His issue with the bill, as it was originally drafted, was that at age 18 the state determines teenagers are old enough to marry, divorce and fight in the military. If teenagers are old enough to those things but not decide to smoke, then there are inconsistencies in the law, he said.

The Senate and House also cast their final votes to ban plastic foam food containers statewide starting July 1, 2020.

Sen. Cheryl Kagan (D-Montgomery) fended off two last-minute amendments to create a waiver system and to exempt churches and civic organizations from the ban. Senate President Thomas V. Mike Miller Jr. said he was skeptical that organizations would be prosecuted under the ban, but that the law would be a means to phase out the product's use in Maryland.

"I've been working on this bill for three years and I'm very proud that Maryland is at the cutting edge of banning foam, which is so bad for our environment," Kagan said.

Staff writer Heather Mongilio contributed to this report. 

Follow Samantha Hogan on Twitter: @SAHogan.

Samantha Hogan is the state house, environment, agriculture and energy reporter for The Frederick News-Post.

(17) comments


By the way, the law doesn't say you cannot smoke at 18, just that you cannot purchase cigarettes, cigars and vape stuff.


The democrats must be scared of guns. Annapolis never says anything about Baltimore, Detroit, Chicago, or Washington,DC (all democrat strongholds).


If you have a fear of walking around Frederick without a concealed gun, you have a mental problem. Police, security agents, bank truck guards and a few others need guns, the average citizen doesn't.


No fear in Frederick, Dick, unless I was walking around past midnight (which I would never do BTW). Anywhere in Baltimore (except the inner harbor), there is no way I would go there unarmed after dark.


Obviously, Gabe, you don't need a gun![beam]


I wouldn't walk in a dangerous part of town after midnight even with a gun and I doubt you would do so, either. So it is a moot argument.


Purchasing cigarettes and foam containers ... In the meantime, no mention at all about the bill to let people use a standard deduction on their federal and itemize on the Maryland one to save some money. Oh whoops, my bad. Saving money for the taxpayer in Maryland is seldom an option...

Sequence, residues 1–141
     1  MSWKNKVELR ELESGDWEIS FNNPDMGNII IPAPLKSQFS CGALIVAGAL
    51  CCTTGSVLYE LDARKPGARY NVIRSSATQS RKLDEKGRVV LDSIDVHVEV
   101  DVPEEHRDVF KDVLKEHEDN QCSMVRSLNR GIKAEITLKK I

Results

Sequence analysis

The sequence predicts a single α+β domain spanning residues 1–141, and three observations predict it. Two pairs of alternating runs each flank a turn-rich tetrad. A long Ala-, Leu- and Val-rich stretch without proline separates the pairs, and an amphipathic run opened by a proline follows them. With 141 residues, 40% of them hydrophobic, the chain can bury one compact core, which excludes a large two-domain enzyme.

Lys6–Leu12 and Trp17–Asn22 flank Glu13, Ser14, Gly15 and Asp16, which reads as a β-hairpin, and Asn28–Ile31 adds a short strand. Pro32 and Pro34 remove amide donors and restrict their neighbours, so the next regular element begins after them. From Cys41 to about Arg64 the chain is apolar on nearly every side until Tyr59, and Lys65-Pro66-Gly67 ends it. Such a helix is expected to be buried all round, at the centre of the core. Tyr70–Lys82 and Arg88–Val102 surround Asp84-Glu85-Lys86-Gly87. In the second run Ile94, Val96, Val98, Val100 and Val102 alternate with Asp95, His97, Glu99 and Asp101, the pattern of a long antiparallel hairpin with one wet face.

The only way you come out ahead is if your itemized deductions are greater than the federal standard deduction, which is $12,000 for singles, $24,000 for joint and extra $1,300 for each filer that is over 65.


True and they are in my case, however let me rephrase that. Maryland does not give one the choice of making that decision. Standard on Fed means standard on State and itemized on Federal means you are locked into itemized on State. That is what the bill is for, but is not going to get looked at this year (again).


Yet again Democrats ramrod another ignorant anti gun bill through which will do nothing for public safety and the murderers in Baltimore and PG County. Targeting the law abiding and forcing them to get a lawyer to fight in the OAH when they have a grievance with MSP is pathetic.
Top it off with more out of touch laws to try to force people to do as they're told with the change in purchasing cigarettes by 18 year old citizens. Give me a break. If you are deemed an adult at 18, you can be charged as an adult at 18 in a court of law, and be married on your own accord there is no reason why you cant make your own decisions what to do with your body. Democrats want teens to be able to abort their babies without parental consent because they are apparently old enough to make those tough choices, but you're considered to young at 18 to decide if you want to smoke? The democrats are hypocritical, and the fact that people cannot see how far they bend to fit their agenda is pathetic!


jgrose79...EXCELLENT COMMENTS! I would seriously vote for you if you ran for office! Hopefully you'd run in Maryland...we need all the help we can get from these left leaning politicians!!!


Funny, Bunny![lol]


Bending to agendas? You mean like the sad sack republicans in congress bowing down to their boy king? talk about wet noodles. that is the disgrace. don't worry, you can still play with your guns.


They can only play with their guns if they are careful, Sam. Otherwise they might shoot themselves in the foot.


And here I thought one would shoot their eye out :)


jg, you want more guns on the streets? SMH


jgrose; should we lower the drinking age to 18 then? After all, it is generally conservatives who pushed the drinking age up to 21 in the first place.